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Season Update on Game Bird Diseases

St Davids 110 x 80

England and Wales

Ben South BVetMed MRCVS, St David's Game Bird Services

As the partridge season gets into full swing, there have been several areas where we have seen late breakouts of motile protozoal disease. Early season population density in areas of cover has led to poaching of the ground around critical areas such as feeders and drinkers. With the additional stress from shooting and predation, weaker birds will see a disruption in gut flora and the breakout of bacterial enteritis with motile protozoa involved. On the ground we are seeing small, listless birds. Deaths have occurred, although this is usually linked with a concurrent dehydration and ketosis. Early detection and treatment has been successful.

Release pens are now full and early poults are roaming. So far, the outbreaks of Mycoplasma have been minimal and controlled. It is important to notify your vet of any respiratory signs seen in the birds, such as ocular or nasal discharge, so we can identify MG or other respiratory diseases early and treat. Worms will continue to be a problem in mild, wet weather as life cycles of ascarids, for instance, decrease. Once birds are released and on wheat, and where treatment isn't possible, operating a sensible stocking density and avoiding having pens in particularly wet areas reduces this risk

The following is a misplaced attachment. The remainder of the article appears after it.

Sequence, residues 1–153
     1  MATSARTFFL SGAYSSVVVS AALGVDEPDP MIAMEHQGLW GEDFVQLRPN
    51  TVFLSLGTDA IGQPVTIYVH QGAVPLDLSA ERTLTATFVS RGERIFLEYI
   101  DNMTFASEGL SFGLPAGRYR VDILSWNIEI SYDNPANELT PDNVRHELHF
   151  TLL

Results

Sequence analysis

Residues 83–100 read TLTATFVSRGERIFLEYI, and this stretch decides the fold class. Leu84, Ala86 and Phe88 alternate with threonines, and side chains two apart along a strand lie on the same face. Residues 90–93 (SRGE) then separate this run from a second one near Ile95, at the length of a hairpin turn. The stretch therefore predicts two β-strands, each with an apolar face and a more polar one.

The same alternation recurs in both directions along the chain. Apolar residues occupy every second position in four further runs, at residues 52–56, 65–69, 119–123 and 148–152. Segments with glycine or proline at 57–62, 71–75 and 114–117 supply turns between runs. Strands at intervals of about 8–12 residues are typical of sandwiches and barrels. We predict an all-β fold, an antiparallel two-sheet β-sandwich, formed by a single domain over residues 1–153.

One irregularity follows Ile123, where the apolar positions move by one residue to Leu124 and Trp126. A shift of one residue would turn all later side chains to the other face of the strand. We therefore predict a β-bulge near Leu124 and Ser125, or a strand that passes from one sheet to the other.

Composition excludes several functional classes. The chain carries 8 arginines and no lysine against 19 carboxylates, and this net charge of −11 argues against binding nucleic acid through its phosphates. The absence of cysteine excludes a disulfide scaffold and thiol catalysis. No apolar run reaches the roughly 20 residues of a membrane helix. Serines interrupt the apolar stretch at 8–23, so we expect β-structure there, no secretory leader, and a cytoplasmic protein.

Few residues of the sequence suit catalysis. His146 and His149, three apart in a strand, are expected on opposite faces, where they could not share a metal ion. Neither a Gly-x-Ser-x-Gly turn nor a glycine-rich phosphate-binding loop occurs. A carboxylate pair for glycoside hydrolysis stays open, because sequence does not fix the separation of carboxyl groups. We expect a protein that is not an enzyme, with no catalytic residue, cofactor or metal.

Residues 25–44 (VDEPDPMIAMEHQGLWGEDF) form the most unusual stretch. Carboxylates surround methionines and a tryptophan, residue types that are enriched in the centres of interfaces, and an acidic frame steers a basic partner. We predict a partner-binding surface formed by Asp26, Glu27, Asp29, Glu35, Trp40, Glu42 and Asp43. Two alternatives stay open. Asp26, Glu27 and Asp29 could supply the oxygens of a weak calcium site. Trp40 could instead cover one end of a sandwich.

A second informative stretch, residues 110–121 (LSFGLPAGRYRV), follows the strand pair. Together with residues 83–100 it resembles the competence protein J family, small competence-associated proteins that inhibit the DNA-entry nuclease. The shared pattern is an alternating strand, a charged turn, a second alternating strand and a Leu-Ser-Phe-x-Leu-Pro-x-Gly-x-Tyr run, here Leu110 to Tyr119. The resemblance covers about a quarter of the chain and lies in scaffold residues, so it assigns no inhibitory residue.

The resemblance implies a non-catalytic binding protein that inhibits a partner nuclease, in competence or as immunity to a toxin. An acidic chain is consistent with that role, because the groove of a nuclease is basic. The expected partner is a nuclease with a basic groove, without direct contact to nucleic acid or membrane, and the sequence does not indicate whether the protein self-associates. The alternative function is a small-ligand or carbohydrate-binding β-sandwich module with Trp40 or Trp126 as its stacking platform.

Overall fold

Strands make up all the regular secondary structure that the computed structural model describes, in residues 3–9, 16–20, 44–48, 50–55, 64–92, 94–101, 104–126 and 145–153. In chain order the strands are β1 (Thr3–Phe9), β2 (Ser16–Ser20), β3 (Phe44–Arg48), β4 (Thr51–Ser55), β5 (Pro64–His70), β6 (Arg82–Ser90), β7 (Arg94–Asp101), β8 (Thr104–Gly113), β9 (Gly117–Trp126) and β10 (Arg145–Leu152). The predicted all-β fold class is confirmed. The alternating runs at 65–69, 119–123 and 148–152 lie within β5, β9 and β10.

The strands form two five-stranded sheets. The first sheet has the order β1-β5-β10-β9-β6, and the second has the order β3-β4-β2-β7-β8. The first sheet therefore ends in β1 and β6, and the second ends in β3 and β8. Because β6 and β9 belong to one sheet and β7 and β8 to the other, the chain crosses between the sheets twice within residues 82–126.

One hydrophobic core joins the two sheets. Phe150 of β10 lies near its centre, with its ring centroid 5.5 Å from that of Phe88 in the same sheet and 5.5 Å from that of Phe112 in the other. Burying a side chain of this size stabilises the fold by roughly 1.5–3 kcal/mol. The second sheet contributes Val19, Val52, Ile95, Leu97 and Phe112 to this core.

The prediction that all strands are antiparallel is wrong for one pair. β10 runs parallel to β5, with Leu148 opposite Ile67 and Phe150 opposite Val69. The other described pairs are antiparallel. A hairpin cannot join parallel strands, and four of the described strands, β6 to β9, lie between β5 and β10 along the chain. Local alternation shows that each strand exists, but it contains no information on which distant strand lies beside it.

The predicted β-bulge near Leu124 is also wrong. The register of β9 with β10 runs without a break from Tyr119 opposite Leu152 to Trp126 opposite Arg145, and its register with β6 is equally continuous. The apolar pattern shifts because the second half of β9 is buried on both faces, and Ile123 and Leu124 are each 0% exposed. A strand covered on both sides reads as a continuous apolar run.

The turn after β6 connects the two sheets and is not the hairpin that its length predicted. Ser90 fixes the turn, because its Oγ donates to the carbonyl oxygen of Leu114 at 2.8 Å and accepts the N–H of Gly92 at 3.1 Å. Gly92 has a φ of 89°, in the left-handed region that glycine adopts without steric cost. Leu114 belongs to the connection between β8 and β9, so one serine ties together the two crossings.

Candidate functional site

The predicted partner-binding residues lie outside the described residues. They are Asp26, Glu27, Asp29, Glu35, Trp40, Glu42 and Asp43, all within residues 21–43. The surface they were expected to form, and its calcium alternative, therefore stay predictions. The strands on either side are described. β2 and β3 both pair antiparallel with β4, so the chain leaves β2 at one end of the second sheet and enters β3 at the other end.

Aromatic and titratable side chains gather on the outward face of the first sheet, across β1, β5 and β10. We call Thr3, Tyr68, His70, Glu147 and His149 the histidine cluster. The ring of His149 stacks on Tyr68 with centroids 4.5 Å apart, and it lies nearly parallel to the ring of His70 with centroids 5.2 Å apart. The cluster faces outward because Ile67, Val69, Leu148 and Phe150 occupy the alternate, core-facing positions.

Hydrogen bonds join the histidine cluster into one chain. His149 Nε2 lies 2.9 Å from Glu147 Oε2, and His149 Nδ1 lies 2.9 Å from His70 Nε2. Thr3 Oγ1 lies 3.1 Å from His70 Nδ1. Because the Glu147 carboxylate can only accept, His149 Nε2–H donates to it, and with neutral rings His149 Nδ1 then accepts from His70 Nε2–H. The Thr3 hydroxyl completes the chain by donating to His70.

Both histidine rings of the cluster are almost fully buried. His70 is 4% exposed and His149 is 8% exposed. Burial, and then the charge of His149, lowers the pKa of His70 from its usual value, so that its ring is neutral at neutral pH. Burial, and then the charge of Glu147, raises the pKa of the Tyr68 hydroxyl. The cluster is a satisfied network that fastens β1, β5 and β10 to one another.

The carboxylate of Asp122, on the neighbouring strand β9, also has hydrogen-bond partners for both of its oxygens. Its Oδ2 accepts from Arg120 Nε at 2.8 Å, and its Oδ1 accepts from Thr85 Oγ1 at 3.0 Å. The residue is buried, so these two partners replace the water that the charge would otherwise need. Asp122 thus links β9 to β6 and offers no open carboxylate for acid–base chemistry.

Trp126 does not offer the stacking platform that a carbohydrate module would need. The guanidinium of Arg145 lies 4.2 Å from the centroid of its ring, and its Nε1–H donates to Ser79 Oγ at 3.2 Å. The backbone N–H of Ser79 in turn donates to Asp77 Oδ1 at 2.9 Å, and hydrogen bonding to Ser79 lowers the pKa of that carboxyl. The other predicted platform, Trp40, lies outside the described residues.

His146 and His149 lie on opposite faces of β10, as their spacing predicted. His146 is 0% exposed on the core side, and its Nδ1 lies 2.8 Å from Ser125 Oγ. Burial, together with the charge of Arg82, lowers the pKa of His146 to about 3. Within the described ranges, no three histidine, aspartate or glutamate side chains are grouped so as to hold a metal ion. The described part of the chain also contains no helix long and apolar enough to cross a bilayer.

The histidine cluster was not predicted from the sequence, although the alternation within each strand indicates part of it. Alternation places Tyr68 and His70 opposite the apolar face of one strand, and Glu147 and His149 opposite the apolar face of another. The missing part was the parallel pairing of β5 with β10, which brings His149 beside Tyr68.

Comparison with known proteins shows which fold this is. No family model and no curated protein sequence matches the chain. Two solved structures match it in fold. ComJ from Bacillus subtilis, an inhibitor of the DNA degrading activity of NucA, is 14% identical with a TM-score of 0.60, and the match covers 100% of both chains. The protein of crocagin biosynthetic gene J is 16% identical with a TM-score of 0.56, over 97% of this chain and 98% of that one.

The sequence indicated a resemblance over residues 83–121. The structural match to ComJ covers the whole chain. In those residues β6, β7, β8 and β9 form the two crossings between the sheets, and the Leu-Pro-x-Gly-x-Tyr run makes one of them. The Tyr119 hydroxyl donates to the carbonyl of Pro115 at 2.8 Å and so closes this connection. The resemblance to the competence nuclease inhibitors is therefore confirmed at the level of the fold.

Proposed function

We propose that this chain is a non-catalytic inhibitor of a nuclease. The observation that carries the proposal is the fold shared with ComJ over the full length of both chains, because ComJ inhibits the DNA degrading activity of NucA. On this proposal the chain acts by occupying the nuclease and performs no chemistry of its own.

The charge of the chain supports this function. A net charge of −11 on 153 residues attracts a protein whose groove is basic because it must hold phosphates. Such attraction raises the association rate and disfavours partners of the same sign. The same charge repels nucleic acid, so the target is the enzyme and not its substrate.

Quaterly Updates 17-11 F1

Fig 1 Foamy eye discharge due to Mycoplasma gallisepticum infection

We must stay vigilant for high numbers of unexplained deaths in game birds, water fowl and other wild birds this winter. The threat to Avian Influenza is currently moderate, but expect this to become high as migrant birds arrive. Notify your vet or local APHA office if you suspect anything.


Matthew Balfour BVM&S MRCVS, St David's Game Bird Services

The game season in Scotland started quietly in veterinary terms, helped by the relatively warm dry weather. The Scottish team have been encouraging the use of probiotics and electrolytes in-water as a starter for chicks and, on the whole, game rearers who were delivered good quality chicks found this approach very beneficial in keeping the chicks health up. The fact that we are using more probiotics and less antibiotics allows the chick to build up a healthy gut flora which should give better protection against intestinal pathogens.

As the season progressed, the weather deteriorated and soon we were seeing cases of coccidiosis, shortly followed by hexamita. Cases of hexamita continued late into the season and were a particular issue this year in release pens. In many cases, this made treatment difficult and highlighted the benefits of good release pen design; those with a good water system and without standing/running water present were much better equipped to medicate flocks.

Quarterly Updates 17-11 F2

Fig 2 10 week old pheasant poult showing distention of the caeca and small intestines. The bird is suffering from bacterial enteritis coupled with a protozoal infection of hexamita.

Another issue which was apparent late into the season was coccidiosis in partridges. This was often due to a build-up of coccidia on site towards the end of the season. On sites where this is an issue, it is advisable to treat routinely with an anti-coccidial every three weeks. Once birds are severely affected, treatment can be difficult as sick birds are often unwilling to drink and therefore do not receive the full dose of medication.

There have also been some late cases of intestinal worms causing ill thrift and deaths and these have occurred when adequate veterinary advice on dosing and treatment of worm has not been sought.